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PLOS Papers on Extraction-Free SARS-CoV-2 Detection, Kaposi's Sarcoma, Leishmania Genetics

Investigators with Sidra Medicine and Weill Cornell Medical College-Qatar describe a strategy for detecting SARS-CoV-2 directly from nasopharyngeal samples for a paper in PLOS One. Using an RT-qPCR-based approach and samples tested in Doha, the team came up with a viral RNA extraction-free protocol to directly test nasopharyngeal flocked swab samples for RNA originating from SARS-CoV-2 or other coronaviruses. In a set of more than 100 samples compared with standard RNA extraction-based strategies, the authors report that the RT-qPCR-based method could detect SARS-CoV-2 with 95 percent sensitivity, 99 percent specificity, and an accuracy of more than 98 percent. Based on these and other results, the authors suggest that a direct RT-qPCR-based testing approach may "be useful for resource-limited countries to expand their capacity for RT-qPCR testing" by curbing the cost and reagents required.

A team from the US, Tanzania, and Zambia takes a look at gene expression patterns in Kaposi's sarcoma cases in sub-Saharan Africa stemming from endemic Kaposi's sarcoma-associated herpesvirus infections or from epidemic cases related to treated or untreated HIV infections. As they report in PLOS Pathogens, the researchers did RNA sequencing on matched normal and skin lesion samples from 24 male or female Kaposi's sarcoma patients in Tanzania and Zambia, including half a dozen individuals with endemic forms of the disease. When they compared the samples to one another and to samples from a handful of healthy donors, the authors saw similar gene expression features regardless of the broader KS co-infection context, treatment, or biological sex, though the endemic cases tended to have slightly more gene regulation shifts. "[T]he trend toward higher magnitude of gene dysregulation in [endemic KS] coupled with the absence of HIV-1 transcripts in [epidemic KS] may suggest an indirect or systemic effect of HIV-1 to promote KS tumorigenesis," they write.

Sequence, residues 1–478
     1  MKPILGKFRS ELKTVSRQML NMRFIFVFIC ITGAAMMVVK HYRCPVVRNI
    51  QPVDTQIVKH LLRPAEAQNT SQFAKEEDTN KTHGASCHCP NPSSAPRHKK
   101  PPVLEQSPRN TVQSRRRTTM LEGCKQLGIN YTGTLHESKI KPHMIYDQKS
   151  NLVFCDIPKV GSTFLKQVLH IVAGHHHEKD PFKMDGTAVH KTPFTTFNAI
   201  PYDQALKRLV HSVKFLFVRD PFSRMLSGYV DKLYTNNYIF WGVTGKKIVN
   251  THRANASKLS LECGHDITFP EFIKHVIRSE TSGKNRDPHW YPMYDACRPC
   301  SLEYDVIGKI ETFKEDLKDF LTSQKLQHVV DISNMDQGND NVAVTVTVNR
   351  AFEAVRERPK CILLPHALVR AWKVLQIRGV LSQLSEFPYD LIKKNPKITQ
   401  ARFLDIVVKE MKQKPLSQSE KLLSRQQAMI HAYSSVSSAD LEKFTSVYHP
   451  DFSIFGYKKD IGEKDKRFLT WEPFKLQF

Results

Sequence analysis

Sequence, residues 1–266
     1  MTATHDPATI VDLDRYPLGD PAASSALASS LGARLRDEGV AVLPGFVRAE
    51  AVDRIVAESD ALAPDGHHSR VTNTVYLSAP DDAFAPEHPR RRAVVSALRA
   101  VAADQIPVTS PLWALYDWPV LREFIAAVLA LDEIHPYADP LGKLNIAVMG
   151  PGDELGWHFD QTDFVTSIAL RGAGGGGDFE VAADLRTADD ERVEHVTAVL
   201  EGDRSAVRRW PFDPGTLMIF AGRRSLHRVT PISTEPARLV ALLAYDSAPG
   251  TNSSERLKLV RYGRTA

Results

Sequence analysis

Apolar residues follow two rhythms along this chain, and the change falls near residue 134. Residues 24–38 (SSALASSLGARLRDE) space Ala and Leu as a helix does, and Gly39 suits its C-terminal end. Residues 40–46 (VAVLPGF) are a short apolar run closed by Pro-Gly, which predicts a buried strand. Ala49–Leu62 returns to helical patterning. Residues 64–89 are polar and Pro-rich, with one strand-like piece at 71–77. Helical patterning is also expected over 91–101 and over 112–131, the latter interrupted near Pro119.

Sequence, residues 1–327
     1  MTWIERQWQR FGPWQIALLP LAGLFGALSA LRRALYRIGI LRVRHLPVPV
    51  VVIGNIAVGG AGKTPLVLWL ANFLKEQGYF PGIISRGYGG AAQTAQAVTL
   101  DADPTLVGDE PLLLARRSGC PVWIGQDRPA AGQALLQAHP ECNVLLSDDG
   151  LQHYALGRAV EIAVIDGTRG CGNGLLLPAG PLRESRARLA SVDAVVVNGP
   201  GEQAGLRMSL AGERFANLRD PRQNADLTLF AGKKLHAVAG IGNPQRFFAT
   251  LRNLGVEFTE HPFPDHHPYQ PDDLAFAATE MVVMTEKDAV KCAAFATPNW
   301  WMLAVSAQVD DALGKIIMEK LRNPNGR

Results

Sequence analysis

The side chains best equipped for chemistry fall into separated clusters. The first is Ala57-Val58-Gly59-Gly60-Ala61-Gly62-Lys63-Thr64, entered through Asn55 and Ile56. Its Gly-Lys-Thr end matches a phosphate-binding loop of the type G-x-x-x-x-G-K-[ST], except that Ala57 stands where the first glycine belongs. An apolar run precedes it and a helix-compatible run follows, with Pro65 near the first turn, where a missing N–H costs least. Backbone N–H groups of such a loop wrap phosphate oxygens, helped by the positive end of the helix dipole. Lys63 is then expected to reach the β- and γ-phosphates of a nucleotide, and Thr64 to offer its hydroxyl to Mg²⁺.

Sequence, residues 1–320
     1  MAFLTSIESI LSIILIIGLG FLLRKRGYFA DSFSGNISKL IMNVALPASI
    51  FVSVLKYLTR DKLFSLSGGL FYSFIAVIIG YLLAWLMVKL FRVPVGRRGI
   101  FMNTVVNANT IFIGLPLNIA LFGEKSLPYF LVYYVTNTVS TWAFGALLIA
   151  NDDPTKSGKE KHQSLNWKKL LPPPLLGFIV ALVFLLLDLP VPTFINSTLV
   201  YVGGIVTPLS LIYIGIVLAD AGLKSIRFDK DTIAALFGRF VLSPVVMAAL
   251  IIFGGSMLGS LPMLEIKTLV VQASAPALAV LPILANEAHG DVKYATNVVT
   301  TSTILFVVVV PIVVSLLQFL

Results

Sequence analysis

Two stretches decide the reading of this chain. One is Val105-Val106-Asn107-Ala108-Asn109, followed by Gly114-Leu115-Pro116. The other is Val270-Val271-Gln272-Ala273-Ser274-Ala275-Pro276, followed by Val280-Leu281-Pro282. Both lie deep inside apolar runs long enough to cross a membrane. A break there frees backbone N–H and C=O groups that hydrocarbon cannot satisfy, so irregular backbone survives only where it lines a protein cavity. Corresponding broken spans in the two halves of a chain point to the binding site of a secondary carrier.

For a paper in PLOS Neglected Tropical Diseases, Italian researchers share findings from a population genetic study on Leishmania strains collected in Sicily from 2012 to 2014 — work done to get a better understanding of the relatively high rates of leishmaniasis in some parts of Italy. Starting with a set of 78 L. infantum isolates from Sicily, along with half a dozen L. infantum reference samples, the team relied on polymorphic gene profiling, genotyping, and microsatellite typing to explore genetic diversity in the Sicilian samples, uncovering clusters that corresponded to isolates from humans and dogs. "Our results demonstrate that genetic tools are able to discriminate Leishmania strains and to give useful insights into the epidemiology of leishmaniasis," they report, "raising questions on the role of dogs as main reservoirs for human leishmaniasis in the Sicily region."